In this case, the method employed was for the prosecutor to state what he expected the evidence to show at trial. The prosecutor's recitation of the expected evidence, however, failed to show that, when Benton obtained the pickup truck from the seller, he explicitly agreed to return the truck to the seller if he failed to pay as agreed. Because the State failed to identify any factual basis for the essential element that Benton obtained the pickup truck under an agreement or other known legal obligation to make a specified disposition of the property, the trial court was authorized to reject Benton's guilty plea. Head v. State, 262 Ga. 795, 796(2) (426 S.E.2d 547) (1993).7
The accusation, which tracked the statutory definition of theft by conversion, however, was not technically deficient.8 Although the State failed to satisfy the trial court that there was a factual basis for a guilty plea, and the trial court may have doubted that the State would ultimately be able to carry its burden of proving Benton's guilt beyond a reasonable doubt, the court abridged the State's right to prosecute in dismissing the accusation when the State had never been put to its proof.9 Accordingly, the trial court's order is vacated to the extent it dismissed the accusation.
Judgment affirmed in part and vacated in part; case remanded.
1. “A person commits the offense of theft by conversion when, having lawfully obtained funds or other property of another including, but not limited to, leased or rented personal property, under an agreement or other known legal obligation to make a specified application of such funds or a specified disposition of such property, he knowingly converts the funds or property to his own use in violation of the agreement or legal obligation. This Code section applies whether the application or disposition is to be made from the funds or property of another or from the accused's own funds or property in equivalent amount when the agreement contemplates that the accused may deal with the funds or property of another as his own.” OCGA § 16-8-4(a).
2. “An appeal may be taken by and on behalf of the State of Georgia from [a] superior court[ ] ․ to the Court of Appeals of Georgia ․ in [a] criminal case [ ][f]rom an order, decision, or judgment ․ dismissing ․ [an] accusation[.]” OCGA § 5-7-1(a)(1).
3. Ga. Const.1983, Art. I, Sec. I, Par. XXIII (prohibiting “imprisonment for debt”); see also Black's Law Dictionary (8th ed.2004) (defining “debt” as “a specific sum of money due by agreement or otherwise”); Scarber v. State, 211 Ga.App. 260 (439 S.E.2d 83) (1993) ( “OCGA § 16-8-4 is intended to punish fraudulent conversion, not breach of contract, and in order to avoid the constitutional prohibition against imprisonment for debt the State must prove fraudulent intent. The statute cannot properly be employed in the enforcement of civil contract rights.”) (citation omitted).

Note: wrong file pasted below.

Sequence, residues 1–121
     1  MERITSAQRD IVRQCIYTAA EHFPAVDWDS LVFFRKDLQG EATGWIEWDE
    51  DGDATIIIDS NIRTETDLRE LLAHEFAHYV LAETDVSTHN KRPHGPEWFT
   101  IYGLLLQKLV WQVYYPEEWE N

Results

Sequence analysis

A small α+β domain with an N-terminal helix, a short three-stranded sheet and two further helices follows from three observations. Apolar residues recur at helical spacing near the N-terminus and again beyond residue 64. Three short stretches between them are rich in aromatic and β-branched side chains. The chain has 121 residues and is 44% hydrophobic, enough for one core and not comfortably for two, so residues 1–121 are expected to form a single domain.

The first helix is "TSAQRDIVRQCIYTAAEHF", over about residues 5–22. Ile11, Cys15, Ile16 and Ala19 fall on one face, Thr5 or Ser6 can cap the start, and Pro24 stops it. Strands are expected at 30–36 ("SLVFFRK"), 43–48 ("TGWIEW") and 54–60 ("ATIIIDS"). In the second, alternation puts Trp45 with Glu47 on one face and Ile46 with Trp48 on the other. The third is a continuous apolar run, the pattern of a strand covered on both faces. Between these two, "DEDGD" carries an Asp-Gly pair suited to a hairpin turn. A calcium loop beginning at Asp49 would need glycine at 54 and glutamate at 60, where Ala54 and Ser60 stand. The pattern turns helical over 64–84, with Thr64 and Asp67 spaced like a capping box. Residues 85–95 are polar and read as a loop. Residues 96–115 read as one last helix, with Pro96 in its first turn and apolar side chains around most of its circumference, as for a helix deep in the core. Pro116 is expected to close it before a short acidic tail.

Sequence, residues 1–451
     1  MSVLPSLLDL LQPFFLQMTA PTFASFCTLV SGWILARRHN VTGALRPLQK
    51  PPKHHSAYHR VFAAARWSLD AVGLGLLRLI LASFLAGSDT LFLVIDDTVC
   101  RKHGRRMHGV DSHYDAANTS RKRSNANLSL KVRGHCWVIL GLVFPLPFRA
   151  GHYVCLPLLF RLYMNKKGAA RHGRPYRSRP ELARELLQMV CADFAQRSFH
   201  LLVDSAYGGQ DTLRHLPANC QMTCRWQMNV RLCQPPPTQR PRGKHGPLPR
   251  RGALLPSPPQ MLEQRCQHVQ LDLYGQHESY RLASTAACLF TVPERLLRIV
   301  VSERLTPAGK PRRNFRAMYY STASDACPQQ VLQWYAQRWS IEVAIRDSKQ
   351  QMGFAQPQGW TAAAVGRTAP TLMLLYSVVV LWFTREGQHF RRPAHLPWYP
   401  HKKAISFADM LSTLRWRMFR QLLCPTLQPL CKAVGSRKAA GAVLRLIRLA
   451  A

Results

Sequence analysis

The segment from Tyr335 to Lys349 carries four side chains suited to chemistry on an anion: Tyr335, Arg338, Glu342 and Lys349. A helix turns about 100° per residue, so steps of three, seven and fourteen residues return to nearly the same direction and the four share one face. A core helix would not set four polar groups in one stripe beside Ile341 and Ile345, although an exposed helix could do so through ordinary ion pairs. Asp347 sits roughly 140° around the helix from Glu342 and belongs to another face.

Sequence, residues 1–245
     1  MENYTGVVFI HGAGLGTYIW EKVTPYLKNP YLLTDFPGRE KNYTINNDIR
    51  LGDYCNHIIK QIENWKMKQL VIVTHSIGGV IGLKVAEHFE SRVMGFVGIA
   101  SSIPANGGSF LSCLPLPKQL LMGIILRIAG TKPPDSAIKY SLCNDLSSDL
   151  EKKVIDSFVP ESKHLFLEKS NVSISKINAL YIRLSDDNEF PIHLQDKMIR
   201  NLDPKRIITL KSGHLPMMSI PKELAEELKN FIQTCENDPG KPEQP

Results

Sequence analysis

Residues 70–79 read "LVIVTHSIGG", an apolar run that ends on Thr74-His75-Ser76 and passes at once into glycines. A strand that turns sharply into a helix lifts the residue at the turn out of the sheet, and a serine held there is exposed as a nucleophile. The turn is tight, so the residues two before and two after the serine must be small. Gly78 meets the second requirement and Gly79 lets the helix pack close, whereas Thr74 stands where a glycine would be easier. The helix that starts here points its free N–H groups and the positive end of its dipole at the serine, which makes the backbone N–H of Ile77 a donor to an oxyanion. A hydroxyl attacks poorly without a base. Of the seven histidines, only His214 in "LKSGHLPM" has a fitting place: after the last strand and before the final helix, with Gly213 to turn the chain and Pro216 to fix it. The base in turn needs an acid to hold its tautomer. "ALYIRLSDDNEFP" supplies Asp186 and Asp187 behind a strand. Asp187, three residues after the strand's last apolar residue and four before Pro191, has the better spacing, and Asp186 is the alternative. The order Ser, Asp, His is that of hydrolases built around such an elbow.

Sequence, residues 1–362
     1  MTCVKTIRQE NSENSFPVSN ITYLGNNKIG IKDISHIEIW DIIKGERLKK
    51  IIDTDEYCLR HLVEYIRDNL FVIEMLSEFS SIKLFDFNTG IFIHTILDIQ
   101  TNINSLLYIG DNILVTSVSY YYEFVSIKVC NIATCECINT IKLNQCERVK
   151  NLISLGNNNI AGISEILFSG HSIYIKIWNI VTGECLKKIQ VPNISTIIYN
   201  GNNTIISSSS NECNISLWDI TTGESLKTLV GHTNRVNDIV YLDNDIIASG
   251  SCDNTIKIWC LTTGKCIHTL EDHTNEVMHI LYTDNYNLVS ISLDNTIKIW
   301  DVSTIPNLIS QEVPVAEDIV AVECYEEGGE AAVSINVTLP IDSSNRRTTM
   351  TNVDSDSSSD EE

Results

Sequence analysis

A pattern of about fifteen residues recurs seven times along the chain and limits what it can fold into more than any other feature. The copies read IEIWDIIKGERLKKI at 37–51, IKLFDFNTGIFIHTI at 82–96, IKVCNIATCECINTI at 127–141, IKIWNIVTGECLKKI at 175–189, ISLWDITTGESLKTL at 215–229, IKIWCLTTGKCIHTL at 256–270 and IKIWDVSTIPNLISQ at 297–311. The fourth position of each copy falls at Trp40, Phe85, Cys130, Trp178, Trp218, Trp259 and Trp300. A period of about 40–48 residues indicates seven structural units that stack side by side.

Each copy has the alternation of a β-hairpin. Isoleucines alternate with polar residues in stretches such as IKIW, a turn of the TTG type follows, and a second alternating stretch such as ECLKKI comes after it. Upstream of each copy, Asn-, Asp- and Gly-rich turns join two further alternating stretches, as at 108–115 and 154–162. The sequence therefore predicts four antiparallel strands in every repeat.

4. Quinn v. State, 171 Ga.App. 590, 594(9)(a) (320 S.E.2d 827) (1984).
5. See OCGA §§ 11-9-101 et seq. (Uniform Commercial Code, Secured Transactions); 44-14-30 et seq. (Mortgages, Conveyances to Secure Debt, and Liens).
6. Ellis v. Brookwood Park Venture, 161 Ga.App. 242, 243 (288 S.E.2d 308) (1982) (“An implicit contractual provision exists only where such provision is necessary to effect the full purpose of the contract and is so clearly within the contemplation of the parties that they apparently deemed it unnecessary to state it.”) (citation omitted).
7. We note that Benton did not seek to enter a guilty plea while claiming to be innocent under the procedure set forth in North Carolina v. Alford, 400 U.S. 25 (91 SC 160, 27 LE2d 162) (1970). See Duque v. State, 271 Ga.App. 154(1) (608 S.E.2d 738) (2004).
8. See OCGA § 17-7-54(a) (“Every indictment of the grand jury which states the offense in the terms and language of this Code or so plainly that the nature of the offense charged may easily be understood by the jury shall be deemed sufficiently technical and correct.”); Davis v. State, 272 Ga. 818, 819(1) (537 S.E.2d 327) (2000) (Where an accusation used the language of the statute, included the essential elements of the offense, and was sufficiently definite to advise the defendant of what he must be prepared to confront, the accusation was not subject to dismissal.).
9. See State v. Brooks, 301 Ga.App. 355, 360 (687 S.E.2d 631) (2009) (The trial court abridged the State's right to prosecute an accused when it dismissed an indictment on a basis not authorized by law.); Tucker v. State, 283 Ga.App. 428 (641 S.E.2d 653) (2007) (“A motion for directed verdict of acquittal is not the proper way to contest the sufficiency of an indictment. A motion for a directed verdict of acquittal addresses the sufficiency of the evidence, not the sufficiency of the underlying indictment.”) (citation and punctuation omitted); State v. Young, 260 Ga.App. 44, 47(2) (579 S.E.2d 16) (2003) (“A plea in abatement on the ground that an indictment was found on insufficient evidence, or illegal evidence, or no evidence, will not be sustained, because it comes under the rule that no inquiry into the sufficiency or legality of the evidence is indulged.”) (citation and punctuation omitted).
ANDREWS, P.J., and DOYLE, J., concur.